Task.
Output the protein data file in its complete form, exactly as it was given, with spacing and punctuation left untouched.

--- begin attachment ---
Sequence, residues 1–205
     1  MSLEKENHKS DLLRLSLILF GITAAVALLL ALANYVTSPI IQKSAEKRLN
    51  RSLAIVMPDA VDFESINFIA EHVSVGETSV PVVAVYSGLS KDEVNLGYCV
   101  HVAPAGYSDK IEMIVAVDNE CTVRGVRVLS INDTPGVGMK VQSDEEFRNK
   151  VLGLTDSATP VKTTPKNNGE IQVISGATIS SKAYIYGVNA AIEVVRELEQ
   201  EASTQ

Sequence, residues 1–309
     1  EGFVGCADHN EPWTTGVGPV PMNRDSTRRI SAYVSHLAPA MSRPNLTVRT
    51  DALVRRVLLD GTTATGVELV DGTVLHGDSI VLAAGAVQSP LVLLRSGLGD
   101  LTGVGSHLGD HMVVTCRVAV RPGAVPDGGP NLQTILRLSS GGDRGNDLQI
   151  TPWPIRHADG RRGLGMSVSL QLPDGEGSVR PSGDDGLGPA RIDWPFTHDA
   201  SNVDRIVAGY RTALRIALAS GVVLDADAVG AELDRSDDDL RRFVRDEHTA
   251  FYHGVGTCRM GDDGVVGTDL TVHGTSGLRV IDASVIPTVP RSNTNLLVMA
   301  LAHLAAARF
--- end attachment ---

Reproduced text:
Sequence, residues 1–205
     1  MSLEKENHKS DLLRLSLILF GITAAVALLL ALANYVTSPI IQKSAEKRLN
    51  RSLAIVMPDA VDFESINFIA EHVSVGETSV PVVAVYSGLS KDEVNLGYCV
   101  HVAPAGYSDK IEMIVAVDNE CTVRGVRVLS INDTPGVGMK VQSDEEFRNK
   151  VLGLTDSATP VKTTPKNNGE IQVISGATIS SKAYIYGVNA AIEVVRELEQ
   201  EASTQ

Sequence, residues 1–309
     1  EGFVGCADHN EPWTTGVGPV PMNRDSTRRI SAYVSHLAPA MSRPNLTVRT
    51  DALVRRVLLD GTTATGVELV DGTVLHGDSI VLAAGAVQSP LVLLRSGLGD
   101  LTGVGSHLGD HMVVTCRVAV RPGAVPDGGP NLQTILRLSS GGDRGNDLQI
   151  TPWPIRHADG RRGLGMSVSL QLPDGEGSVR PSGDDGLGPA RIDWPFTHDA
   201  SNVDRIVAGY RTALRIALAS GVVLDADAVG AELDRSDDDL RRFVRDEHTA
   251  FYHGVGTCRM GDDGVVGTDL TVHGTSGLRV IDASVIPTVP RSNTNLLVMA
   301  LAHLAAARF